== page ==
I’ve had asthma since I was a very young child and there is no greater truth than when you can’t catch your breath, nothing else matters. So what is asthma and how can we counter its impact?
Asthma is an allergic disorder characterized by spasms of the bronchial tubes (airways), swelling of the mucous lining in the lungs, and excess mucus production. It’s quite a serious respiratory disease and can cause death. And, it’s scary. Especially when you're a child. My worst asthma attack happened in the early 1980’s when I was about 15 years old at a family reunion on a ranch in the foothills of California. A combination of grasses and dust and who knows what else, had me in the back of our family’s Komfort trailer, struggling for breath for what felt like an eternity. Without any asthma medicine nearby. Each inhale took Herculean effort, and I didn’t know how long I would have the strength to continue. To make things worse, asthmatics know that panic or tears will only make the response worse, so we try very hard to stay calm and focus only on each breath, one at a time. I made it through that day and many other episodes. But, I don't go far without a rescue inhaler at hand.
Today, asthma rates continue to be problematic in the United States, especially among children. In the United States, almost 1 in 10 people have asthma and it was responsible for nearly 4,000 deaths in 2015. Asthma is most common in children under the age of 10, with a 2:1 male to female ratio, which equalizes by age 30. Why is this happening? Well, asthma is a “complex interaction” of environmental and genetic factors, the biggest risk factor is a history of allergies, such as eczema and hay fever. Asthmatics have a tendency to form higher levels of leukotrienes, which are responsible for producing allergic reaction and stimulating bronchial constriction. If the adrenal glands are not producing sufficient levels of cortisol and epinephrine, the stage is set for bronchial constriction. Perhaps it’s our compromised immune system? Today, more and more people are experiencing bigger stressors on their immune systems, from a wide range of sources, including pollution in our air, water and foods, food additives, and genetic manipulation of plants leading to greater allergenic tendencies.
Another possible trigger for asthma is the use of antibiotics before the first birthday. A study at the University of British Columbia concluded that infants prescribed antibiotics before their first birthday were more than twice as likely to develop asthma. Multiple courses of antibiotics increased the likelihood 16% for every course of antibiotics. Antibiotics can also contribute to a state of “excess hygiene” which leads to an oversensitive immune system triggering “over the top reactions” to pollen and dust mites. In this case, probiotics may be very helpful, lowering the risk of atopic allergic diseases like asthma and eczema.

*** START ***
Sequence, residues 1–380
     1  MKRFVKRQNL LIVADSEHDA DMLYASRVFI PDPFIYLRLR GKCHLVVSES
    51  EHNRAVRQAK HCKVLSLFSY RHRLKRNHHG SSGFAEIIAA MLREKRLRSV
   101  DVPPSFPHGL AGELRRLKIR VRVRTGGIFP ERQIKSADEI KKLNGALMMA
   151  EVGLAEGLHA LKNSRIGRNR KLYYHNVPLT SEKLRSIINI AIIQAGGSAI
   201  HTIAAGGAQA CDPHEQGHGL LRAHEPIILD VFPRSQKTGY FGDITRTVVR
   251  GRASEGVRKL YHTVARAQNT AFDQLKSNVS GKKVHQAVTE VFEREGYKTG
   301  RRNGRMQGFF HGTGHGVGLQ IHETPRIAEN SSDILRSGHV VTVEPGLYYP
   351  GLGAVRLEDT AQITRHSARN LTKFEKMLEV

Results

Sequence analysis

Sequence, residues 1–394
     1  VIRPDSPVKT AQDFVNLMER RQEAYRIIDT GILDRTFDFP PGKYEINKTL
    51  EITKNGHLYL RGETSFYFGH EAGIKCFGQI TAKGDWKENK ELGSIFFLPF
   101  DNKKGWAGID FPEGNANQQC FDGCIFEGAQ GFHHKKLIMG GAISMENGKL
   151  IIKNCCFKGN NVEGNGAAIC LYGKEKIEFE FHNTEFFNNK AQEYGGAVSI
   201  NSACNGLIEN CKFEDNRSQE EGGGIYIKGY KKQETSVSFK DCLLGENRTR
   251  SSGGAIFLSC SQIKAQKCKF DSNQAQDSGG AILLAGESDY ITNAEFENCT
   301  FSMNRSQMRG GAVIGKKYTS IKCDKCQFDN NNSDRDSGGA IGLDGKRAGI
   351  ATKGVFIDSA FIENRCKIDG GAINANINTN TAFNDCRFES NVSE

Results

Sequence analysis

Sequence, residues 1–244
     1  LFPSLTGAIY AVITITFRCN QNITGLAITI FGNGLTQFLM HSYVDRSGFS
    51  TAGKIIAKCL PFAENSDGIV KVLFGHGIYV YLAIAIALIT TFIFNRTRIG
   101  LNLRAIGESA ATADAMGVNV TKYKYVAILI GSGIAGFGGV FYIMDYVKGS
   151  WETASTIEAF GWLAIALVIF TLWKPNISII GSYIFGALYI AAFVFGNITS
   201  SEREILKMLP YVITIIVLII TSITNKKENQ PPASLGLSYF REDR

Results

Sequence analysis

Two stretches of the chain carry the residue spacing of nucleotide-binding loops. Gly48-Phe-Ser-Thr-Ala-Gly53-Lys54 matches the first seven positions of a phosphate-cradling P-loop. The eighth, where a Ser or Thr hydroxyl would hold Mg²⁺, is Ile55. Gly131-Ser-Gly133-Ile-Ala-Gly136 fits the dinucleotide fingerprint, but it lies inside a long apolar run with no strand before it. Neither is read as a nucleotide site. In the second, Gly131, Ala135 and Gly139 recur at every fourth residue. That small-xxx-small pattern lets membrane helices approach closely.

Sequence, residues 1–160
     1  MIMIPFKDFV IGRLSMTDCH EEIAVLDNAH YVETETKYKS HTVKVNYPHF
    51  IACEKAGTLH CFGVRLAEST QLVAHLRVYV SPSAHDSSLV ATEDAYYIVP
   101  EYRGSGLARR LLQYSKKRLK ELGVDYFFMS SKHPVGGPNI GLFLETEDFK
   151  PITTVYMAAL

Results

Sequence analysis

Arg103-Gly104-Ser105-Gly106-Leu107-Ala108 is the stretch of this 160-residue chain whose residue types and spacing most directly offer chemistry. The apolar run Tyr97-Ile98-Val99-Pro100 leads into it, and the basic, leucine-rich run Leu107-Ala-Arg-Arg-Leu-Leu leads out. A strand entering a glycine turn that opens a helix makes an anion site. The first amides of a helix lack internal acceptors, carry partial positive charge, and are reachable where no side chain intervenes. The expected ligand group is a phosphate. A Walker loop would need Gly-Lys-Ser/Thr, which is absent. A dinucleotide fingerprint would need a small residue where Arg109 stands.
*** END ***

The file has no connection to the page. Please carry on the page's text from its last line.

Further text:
Another interesting theory is that children with asthma may have a metabolic defect in tryptophan metabolism and reduced serotonin transport. This may be related to Vitamin B6 (pyridoxine) levels and dramatic improvements can be seen with supplementation. Interestingly, common asthma medication can depress prydixoal-5-phosphate levels. In addition, for children, allergic reactions to grains and milk usually show themselves in childhood, just at the time when we are fed the most of these products. Allergy symptoms include earaches, stomachaches, constipation, and asthma, but are often ignored or misdiagnosed. The body then increases endorphin activity around those certain foods to comfort us from this chronic irritation. And guess what, that very same comforting mechanism is why we may find those very same foods utterly irresistible.
Another interesting note -- a high sugar diet can cause asthma (which may be yet another reason for asthma’s increasing numbers). Eating too many processed carbs and sugars can cause insulin levels to rise too high, which leads to formation of hormones known as eicosanoids. These eicosanoids function as mediators for relaxing or contracting of various smooth muscle groups, in addition to being involved with immune system responses. If insulin levels are too high, this eicosanoid balance is disrupted, the bronchial smooth muscles contract, the immune response is exaggerated, and the result is asthma. Another important point to consider is the “Respiratory Quotient” (RQ). RQ represents the amount of energy expended by the lungs to rid the body of carbon dioxide generated by metabolism of certain foods. The higher the RQ, the harder the lungs work. In this equation, carbs = 1, fats = .7 and proteins = .9. So, when dealing with asthma, the lungs work harder when processing carbs.
What to Avoid…
What to Consider…
COMMON SIGNS AND SYMPTOMS
Other symptoms of allergies...
Lorie Gehrke, NC
It's all about our journeys... Here's where you'll hear from me on any number of topics, from nutrition and recipes, to grief and infant/child loss, to parenting and empty nesting, to poetry, dogs, and photos, and all things in between!